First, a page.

Commonwealth ChalleNGe Class 47 graduates 116 cadets

The Virginia Commonwealth ChalleNGe Youth Academy graduates 116 cadets from Class 47 in a ceremony held Aug. 26, 2017, at Ocean Lakes High School in Virginia Beach, Virginia. (U.S. Army National Guard photo by Staff Sgt. Amanda H. Johnson)

VIRGINIA BEACH, Va. – The Virginia Commonwealth ChalleNGe Youth Academy graduated 116 cadets from Class 47 in a ceremony held Aug. 26, 2017, at Ocean Lakes High School in Virginia Beach, Virginia. Maj . Gen. Timothy P. Williams, the Adjutant General of Virginia; Brig. Gen. Paul F. Griffin, Director of the Joint Staff of the Virginia National Guard; and retired Navy Capt. Mark Chicoine, Director of the Virginia Commonwealth ChalleNGe Youth Academy, congratulated the cadets on finishing the five-and-a-half month residential portion of the program.

The Commonwealth ChalleNGe Program works with youth between the ages of 16 to 18 to focus and make positive improvements during the residential phase. The program’s mission is to intervene in the life of at-risk youth by providing the values, skills, education and self-discipline needed to produce responsible, productive citizens, and to do so in a highly disciplined atmosphere.

Maj . Gen. Timothy P. Williams, the Adjutant General of Virginia, congratulates a cadets on finishing the five-and-a-half-month residential phase of  Commonwealth ChalleNGe Aug. 26, 2017, at Ocean Lakes High School in Virginia Beach, Virginia. (U.S. Army National Guard photo by Staff Sgt. Amanda H. Johnson)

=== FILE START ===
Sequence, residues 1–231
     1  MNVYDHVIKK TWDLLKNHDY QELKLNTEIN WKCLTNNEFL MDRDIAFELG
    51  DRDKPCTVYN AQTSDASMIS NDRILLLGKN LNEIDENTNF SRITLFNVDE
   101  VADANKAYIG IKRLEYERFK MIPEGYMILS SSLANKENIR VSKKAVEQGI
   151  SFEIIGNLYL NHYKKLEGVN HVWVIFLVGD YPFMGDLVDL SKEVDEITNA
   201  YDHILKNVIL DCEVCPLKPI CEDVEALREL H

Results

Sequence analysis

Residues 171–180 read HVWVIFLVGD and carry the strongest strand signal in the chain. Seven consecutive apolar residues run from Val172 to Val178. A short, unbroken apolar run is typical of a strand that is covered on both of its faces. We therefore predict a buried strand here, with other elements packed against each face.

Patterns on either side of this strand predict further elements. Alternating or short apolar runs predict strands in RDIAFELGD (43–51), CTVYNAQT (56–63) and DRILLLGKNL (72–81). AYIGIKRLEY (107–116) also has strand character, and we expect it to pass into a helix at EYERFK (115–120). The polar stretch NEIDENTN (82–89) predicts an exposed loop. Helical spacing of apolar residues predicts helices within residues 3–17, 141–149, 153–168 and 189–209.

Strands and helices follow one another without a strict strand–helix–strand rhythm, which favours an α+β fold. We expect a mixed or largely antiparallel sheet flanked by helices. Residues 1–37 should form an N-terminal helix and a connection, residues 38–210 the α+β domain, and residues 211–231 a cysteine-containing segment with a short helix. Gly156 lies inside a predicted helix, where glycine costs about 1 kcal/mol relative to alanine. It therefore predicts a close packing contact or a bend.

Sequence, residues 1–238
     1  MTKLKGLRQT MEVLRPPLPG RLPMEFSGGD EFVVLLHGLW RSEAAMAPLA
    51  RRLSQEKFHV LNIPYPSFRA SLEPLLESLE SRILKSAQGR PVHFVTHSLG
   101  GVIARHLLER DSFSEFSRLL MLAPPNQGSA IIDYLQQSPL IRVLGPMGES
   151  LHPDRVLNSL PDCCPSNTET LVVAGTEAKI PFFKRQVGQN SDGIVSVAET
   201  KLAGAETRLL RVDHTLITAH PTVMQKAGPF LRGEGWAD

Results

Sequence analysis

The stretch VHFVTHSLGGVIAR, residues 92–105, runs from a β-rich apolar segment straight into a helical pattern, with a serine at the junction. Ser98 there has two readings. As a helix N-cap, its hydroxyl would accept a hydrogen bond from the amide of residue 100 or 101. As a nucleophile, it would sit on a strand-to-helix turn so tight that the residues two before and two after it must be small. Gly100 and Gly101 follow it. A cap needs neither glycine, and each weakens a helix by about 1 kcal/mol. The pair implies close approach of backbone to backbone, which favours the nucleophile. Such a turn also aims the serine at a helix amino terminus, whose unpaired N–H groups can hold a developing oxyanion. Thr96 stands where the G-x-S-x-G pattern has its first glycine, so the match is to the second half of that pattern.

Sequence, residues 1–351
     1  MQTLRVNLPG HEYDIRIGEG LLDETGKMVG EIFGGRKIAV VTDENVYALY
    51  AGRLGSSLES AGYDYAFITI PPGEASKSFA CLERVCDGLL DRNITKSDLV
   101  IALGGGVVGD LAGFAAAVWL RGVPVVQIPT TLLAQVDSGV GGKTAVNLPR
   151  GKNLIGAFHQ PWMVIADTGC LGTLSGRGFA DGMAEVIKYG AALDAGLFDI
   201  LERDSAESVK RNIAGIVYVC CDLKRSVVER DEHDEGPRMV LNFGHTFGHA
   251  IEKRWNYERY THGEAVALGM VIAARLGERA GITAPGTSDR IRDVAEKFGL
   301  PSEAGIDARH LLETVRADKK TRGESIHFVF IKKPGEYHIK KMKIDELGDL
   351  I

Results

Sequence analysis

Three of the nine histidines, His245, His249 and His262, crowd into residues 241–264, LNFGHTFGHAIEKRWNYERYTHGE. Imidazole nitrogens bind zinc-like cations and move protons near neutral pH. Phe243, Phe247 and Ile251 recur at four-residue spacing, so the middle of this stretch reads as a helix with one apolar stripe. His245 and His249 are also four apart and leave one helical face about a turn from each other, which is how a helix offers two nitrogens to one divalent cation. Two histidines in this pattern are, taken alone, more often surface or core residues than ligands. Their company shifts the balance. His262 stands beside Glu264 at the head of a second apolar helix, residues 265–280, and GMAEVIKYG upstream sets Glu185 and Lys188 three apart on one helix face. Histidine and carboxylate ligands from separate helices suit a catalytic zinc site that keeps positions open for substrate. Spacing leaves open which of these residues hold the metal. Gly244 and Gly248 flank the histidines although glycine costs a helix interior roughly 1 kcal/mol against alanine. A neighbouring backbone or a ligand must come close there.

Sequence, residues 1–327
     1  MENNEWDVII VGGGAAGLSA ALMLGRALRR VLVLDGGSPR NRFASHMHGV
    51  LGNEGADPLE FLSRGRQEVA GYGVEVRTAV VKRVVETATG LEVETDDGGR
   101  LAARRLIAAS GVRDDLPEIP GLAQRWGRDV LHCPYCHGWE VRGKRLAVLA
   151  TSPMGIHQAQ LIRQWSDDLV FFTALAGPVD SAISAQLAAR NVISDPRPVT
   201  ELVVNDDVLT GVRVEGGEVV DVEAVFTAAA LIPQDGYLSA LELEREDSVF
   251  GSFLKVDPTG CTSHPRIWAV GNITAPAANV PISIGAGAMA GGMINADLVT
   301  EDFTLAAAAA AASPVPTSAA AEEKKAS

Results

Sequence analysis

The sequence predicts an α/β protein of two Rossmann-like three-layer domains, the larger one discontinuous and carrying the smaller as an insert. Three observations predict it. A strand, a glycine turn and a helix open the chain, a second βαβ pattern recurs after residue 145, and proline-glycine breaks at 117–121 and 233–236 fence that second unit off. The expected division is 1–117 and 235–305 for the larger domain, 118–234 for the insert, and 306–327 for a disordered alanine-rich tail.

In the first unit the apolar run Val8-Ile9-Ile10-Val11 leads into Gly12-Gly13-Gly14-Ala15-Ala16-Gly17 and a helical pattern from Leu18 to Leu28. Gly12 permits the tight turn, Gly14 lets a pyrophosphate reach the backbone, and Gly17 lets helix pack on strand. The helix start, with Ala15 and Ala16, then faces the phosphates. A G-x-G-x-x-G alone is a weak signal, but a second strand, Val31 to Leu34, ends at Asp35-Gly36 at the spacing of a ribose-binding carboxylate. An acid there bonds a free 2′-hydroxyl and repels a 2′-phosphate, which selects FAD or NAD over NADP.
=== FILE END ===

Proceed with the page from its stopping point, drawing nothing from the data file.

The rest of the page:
“As a career law enforcement officer and elected official, I travel all over the Commonwealth. I always get the question of what does our future look like, and what are we going to do about the problems we face in our future,” said guest speaker Rocky Holcomb, a captain in the Virginia Beach Sheriff’s Office and elected delegate. “Well, the answer is clear here this morning, folks, right here’s our future, look at Class 47.”

ChalleNGe is 17-and-a-half-month program that is structured in a military-style environment designed to promote academics, attention to detail, time management, and leadership, while promoting self-esteem, confidence and pride.

Each Commonwealth ChalleNGe class accepts up to 180 youth per session. Cadets spend five-and-a-half months in residence at the Commonwealth ChalleNGe academy. After cadets complete the residential phase of training, they begin the 12 month post-residential phase and work with their mentors and career counselors to ensure they are placed in either employment, continued education or enter military service.

“You have been given the gift of how to succeed in life,” said Holcomb, describing the various obstacles the youth overcame during the course. “More importantly, you have been given the incredible opportunity to re-invent yourself by leaving your past behind and giving yourself a fresh start.”

The cadets, as a whole have completed over 18,000 hours of community service with an estimated market value of $130,000 explained retired Army Sgt. Maj. Robert Laury, program coordinator for the ChalleNGe academy. The youth participated in community service with public area clean up, maintained Camp Pendleton, assisted the efforts of the Virginia Beach Convention Center, Virginia Beach Parks and Recreation and voter registration.

“I can tell you without any reservations, we have the best there is on Camp Pendleton because of our cadets,” said Laury.


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